3. A light-activated modulator, for use with a radar system, said radar system having a radar transmitter which emits a carrier radio frequency signal, a dielectric waveguide antenna which transmits said carrier radio frequency signal, and a metallic a waveguide which conducts said carrier radio frequency signal from said radar transmitter to said dielectric waveguide antenna, said light-activated modulator comprising:
an illumination source which emits an optical modulating signal; and
a photoconductor layer which is placed adjacent to said dielectric waveguide antenna, and which receives said optical modulating signal from said illumination source, wherein said photoconductor layer comprises PbSe, and wherein said light-activated modulator emits said optical modulating signal with variable intensities such that said optical modulating signal has a wavelength of about λc where λc is given by: ##EQU4## where: Eg is an energy gap which is measured in electron volts for PbSe and equals about 0.23 electron volts, said optical modulating signal thereby decreasing said photoconductor layer's transparency to said carrier radio frequency signal as said optical modulating signal increases in intensity, said optical modulating signal allowing said photoconductor layer's transparency to increase as said optical modulating signal decreases in intensity, said light-activated modulator thereby optically modulating said carrier radio frequency signal.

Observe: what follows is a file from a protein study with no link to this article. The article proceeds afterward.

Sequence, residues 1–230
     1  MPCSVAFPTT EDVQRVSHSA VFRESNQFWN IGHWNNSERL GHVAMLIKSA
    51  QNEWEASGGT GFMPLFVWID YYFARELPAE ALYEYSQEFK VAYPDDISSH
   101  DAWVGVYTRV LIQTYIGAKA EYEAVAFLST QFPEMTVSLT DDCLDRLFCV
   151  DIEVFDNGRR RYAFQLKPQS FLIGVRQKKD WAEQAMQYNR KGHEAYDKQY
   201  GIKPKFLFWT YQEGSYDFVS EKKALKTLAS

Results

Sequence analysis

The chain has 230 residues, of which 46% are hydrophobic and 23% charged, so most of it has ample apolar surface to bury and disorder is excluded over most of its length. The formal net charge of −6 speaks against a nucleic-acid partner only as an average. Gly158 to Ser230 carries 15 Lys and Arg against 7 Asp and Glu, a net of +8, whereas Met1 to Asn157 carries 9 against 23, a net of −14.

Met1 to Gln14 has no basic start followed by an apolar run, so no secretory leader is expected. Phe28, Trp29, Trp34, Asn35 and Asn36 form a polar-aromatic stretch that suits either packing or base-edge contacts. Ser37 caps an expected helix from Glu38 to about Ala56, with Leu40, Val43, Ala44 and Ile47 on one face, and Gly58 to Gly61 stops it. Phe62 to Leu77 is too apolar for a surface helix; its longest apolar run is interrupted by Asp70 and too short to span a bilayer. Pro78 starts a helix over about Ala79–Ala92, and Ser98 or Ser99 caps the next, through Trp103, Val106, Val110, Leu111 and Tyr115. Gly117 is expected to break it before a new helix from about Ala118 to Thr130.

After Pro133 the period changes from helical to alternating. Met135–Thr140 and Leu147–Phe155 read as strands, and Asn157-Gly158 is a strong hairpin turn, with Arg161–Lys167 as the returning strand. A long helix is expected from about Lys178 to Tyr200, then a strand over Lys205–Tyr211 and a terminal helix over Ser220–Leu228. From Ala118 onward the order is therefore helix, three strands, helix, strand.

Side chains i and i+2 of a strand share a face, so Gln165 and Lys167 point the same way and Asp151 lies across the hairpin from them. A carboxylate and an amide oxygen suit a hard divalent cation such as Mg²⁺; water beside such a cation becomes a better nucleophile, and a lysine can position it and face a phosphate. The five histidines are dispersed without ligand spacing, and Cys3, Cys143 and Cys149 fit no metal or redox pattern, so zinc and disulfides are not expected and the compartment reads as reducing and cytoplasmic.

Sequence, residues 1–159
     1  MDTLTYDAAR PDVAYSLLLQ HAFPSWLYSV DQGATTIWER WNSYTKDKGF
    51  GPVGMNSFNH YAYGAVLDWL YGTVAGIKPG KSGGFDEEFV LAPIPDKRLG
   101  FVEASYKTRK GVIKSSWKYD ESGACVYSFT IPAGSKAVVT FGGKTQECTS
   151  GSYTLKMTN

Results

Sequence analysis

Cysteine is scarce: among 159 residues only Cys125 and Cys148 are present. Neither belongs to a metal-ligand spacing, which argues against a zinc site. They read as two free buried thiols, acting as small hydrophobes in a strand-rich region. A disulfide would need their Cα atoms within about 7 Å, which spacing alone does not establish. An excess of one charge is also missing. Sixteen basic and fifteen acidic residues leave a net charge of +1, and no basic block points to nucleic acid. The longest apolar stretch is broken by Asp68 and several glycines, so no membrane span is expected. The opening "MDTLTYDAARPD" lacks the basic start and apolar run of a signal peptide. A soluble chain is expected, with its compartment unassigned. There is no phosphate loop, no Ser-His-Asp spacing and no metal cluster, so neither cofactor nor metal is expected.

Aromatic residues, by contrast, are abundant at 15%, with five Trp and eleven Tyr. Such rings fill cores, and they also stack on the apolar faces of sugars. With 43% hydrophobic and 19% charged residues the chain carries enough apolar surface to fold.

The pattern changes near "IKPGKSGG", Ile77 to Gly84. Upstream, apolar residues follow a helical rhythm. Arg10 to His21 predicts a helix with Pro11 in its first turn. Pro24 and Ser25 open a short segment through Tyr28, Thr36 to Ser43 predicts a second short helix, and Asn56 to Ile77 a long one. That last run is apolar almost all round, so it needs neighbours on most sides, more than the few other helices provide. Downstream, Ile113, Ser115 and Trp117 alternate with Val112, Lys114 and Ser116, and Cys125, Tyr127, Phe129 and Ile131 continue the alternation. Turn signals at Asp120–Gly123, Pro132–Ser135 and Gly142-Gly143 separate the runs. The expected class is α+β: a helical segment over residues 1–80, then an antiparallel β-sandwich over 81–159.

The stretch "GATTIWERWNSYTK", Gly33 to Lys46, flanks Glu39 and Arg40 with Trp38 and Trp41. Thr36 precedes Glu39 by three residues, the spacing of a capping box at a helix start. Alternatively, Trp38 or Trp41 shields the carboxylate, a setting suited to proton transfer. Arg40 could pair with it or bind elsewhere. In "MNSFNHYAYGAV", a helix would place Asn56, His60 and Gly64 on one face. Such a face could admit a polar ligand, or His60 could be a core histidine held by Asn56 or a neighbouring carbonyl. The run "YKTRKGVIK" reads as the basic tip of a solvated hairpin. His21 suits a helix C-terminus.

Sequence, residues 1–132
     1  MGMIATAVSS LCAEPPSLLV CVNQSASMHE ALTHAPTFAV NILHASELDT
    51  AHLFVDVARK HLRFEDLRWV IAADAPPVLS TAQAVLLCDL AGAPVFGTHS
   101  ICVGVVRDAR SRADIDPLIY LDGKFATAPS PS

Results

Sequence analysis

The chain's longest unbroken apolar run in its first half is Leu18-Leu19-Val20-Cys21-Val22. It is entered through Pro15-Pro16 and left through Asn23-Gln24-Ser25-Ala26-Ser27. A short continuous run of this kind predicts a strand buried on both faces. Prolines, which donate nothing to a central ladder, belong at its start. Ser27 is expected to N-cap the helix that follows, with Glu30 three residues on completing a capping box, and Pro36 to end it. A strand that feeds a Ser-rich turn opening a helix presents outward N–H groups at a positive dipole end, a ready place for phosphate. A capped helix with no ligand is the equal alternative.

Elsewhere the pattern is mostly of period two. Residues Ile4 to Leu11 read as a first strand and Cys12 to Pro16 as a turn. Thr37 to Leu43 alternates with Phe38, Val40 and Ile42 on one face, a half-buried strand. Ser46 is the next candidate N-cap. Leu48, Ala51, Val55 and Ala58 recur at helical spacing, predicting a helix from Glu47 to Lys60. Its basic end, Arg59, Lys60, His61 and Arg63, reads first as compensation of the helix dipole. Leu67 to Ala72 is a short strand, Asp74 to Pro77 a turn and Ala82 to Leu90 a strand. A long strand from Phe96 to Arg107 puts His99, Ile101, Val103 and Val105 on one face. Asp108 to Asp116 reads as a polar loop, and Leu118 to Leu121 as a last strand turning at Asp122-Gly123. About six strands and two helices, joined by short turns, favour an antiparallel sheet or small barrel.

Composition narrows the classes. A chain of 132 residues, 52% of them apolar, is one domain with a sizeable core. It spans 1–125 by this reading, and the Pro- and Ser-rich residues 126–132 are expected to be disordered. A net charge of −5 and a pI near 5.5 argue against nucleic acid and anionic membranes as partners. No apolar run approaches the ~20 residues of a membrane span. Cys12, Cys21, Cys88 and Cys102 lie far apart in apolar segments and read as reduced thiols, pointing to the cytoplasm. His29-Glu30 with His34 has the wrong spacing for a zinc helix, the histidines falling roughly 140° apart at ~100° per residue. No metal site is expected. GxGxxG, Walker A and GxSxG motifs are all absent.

4. A light-activated modulator, for use with a radar system, said radar having a radar transmitter which emits a carrier radio frequency signal, a dielectric waveguide antenna which transmits said carrier radio frequency signal, and a metallic waveguide which conducts said carrier radio frequency signal from said radar transmitter to said dielectric waveguide antenna, said light-activated modulator comprising:
an illumination source which emits an optical modulating signal; and